Mobility and Migration in Ancient Mesoamerican Cities by Christopher Beekman, PhD
Mobility and Migration in Ancient Mesoamerican Cities is the first focused book-length discussion of migration in central Mexico, west Mexico and the Maya region, presenting case studies on population movement in and among Classic, Epiclassic, and Postclassic Mesoamerican societies and polities within the framework of urbanization and de-urbanization. Looking beyond the conceptual dichotomy of sedentism versus mobility, Beekman and the contributors show that mobility and migration reveal a great deal about the formation, development, and decline of town- and city-based societies in the ancient world. (Co-editors M. Charlotte Armauld and Grégory Pereira; University Press of Colorado)
Paper Trails: The US Post and the Making of the American West by Cameron Blevins, PhD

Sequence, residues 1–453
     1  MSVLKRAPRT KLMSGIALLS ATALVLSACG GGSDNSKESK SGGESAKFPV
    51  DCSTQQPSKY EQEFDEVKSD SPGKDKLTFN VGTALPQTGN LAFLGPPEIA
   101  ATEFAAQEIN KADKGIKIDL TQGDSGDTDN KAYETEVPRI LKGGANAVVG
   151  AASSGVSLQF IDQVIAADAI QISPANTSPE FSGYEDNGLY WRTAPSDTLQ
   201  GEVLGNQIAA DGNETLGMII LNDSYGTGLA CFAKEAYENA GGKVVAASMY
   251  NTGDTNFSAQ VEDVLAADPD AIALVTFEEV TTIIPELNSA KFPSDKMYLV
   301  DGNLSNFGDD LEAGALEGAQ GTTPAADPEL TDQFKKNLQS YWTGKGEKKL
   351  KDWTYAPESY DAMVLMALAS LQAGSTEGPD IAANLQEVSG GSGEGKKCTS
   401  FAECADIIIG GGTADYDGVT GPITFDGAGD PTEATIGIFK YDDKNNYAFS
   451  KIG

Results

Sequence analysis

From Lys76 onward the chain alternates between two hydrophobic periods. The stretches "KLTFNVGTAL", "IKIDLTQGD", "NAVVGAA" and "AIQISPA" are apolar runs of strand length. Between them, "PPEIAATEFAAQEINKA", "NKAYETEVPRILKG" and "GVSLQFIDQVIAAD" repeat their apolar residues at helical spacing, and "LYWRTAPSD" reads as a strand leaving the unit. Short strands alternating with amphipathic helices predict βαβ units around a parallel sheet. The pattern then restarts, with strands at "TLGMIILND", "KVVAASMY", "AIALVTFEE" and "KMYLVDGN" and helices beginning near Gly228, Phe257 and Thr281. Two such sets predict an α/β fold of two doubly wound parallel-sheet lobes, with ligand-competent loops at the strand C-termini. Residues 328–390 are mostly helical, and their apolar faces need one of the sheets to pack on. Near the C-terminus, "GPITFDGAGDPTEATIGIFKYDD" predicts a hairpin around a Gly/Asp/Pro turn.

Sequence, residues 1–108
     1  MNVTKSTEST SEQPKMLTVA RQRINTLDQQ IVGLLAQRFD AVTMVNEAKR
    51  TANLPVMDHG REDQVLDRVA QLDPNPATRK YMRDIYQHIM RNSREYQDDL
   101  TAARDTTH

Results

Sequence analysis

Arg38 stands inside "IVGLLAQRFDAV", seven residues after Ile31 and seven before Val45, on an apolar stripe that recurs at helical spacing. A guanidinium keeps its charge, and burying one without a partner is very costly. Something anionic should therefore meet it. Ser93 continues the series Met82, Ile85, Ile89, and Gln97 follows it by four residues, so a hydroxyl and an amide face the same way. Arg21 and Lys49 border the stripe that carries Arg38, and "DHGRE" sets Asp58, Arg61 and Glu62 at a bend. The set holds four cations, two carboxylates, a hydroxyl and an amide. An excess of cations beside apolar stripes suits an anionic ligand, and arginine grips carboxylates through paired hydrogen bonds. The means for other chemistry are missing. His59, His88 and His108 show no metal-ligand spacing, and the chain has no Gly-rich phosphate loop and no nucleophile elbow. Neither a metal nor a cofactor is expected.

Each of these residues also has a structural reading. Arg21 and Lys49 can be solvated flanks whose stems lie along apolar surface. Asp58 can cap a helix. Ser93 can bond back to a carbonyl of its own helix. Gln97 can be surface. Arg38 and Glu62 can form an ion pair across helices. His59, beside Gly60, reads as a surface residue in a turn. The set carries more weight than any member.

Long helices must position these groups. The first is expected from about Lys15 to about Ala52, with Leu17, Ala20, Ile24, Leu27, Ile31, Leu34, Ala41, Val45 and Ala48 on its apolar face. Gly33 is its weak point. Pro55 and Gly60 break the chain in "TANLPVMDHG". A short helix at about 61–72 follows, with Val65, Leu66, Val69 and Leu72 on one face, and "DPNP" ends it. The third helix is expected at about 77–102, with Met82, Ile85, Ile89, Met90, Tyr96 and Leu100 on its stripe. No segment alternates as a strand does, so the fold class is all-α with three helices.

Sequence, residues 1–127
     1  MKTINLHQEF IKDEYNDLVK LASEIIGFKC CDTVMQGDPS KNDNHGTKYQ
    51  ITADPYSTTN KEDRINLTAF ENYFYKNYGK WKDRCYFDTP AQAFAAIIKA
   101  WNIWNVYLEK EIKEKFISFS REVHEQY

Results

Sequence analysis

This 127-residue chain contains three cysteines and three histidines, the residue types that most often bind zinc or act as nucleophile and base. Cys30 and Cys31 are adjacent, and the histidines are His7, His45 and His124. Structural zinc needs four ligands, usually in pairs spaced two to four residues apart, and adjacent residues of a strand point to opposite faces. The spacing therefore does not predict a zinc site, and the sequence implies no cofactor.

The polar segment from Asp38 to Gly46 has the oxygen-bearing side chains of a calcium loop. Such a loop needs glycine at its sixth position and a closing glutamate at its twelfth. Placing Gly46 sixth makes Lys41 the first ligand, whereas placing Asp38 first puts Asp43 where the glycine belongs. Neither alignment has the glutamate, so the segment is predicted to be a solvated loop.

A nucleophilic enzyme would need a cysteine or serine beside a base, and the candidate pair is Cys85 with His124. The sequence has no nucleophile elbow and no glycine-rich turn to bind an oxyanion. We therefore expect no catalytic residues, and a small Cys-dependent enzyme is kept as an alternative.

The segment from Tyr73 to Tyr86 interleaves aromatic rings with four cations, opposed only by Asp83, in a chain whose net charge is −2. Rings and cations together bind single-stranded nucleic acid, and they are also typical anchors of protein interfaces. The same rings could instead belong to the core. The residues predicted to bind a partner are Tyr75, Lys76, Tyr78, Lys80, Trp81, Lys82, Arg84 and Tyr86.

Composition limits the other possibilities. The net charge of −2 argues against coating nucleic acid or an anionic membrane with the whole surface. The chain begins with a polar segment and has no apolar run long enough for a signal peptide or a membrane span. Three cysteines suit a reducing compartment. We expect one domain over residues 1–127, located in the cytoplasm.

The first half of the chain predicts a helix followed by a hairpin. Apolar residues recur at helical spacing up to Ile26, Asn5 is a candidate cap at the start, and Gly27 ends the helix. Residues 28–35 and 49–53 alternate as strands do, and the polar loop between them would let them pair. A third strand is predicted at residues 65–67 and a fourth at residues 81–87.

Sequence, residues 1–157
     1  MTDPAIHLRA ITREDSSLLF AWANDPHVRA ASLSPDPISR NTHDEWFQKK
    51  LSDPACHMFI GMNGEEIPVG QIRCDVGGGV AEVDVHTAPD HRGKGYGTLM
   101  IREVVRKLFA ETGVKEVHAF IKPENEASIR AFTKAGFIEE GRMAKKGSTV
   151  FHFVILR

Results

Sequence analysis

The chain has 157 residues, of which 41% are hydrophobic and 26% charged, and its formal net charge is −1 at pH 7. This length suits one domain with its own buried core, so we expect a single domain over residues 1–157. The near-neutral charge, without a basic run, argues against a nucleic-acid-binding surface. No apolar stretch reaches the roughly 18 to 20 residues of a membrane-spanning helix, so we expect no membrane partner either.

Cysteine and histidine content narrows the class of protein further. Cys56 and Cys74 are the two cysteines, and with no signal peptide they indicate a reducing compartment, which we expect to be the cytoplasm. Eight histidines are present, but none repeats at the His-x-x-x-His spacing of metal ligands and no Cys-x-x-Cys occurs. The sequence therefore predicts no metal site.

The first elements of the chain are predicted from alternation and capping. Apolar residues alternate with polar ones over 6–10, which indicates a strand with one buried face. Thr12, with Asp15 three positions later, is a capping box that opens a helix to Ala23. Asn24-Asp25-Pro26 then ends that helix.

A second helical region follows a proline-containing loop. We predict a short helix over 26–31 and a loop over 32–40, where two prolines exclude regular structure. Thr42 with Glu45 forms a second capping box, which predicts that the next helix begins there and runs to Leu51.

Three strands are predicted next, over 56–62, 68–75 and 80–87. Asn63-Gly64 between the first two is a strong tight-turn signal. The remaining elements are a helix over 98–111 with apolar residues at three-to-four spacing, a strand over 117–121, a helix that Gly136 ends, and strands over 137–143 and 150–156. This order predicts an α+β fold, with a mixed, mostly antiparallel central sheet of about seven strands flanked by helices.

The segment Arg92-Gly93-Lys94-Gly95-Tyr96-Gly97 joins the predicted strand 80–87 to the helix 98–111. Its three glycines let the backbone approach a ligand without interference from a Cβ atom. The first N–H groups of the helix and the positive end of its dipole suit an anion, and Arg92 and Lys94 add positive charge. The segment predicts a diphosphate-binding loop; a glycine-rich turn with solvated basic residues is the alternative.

There were five times as many post offices in the United States in 1899 than there are McDonald’s restaurants today. During an era of supposedly limited federal government, the United States operated the most expansive national postal system in the world.
In Paper Trails, this cutting-edge interpretation of the late nineteenth-century United States, Cameron Blevins argues that the US Post wove together two of the era’s defining projects: western expansion and the growth of state power. Between the 1860s and the early 1900s, the western United States underwent a truly dramatic reorganization of people, land, capital, and resources. It had taken Anglo-Americans the better part of two hundred years to occupy the eastern half of the continent, yet they occupied the West within a single generation. As millions of settlers moved into the region, they relied on letters and newspapers, magazines and pamphlets, petitions and money orders to stay connected to the wider world.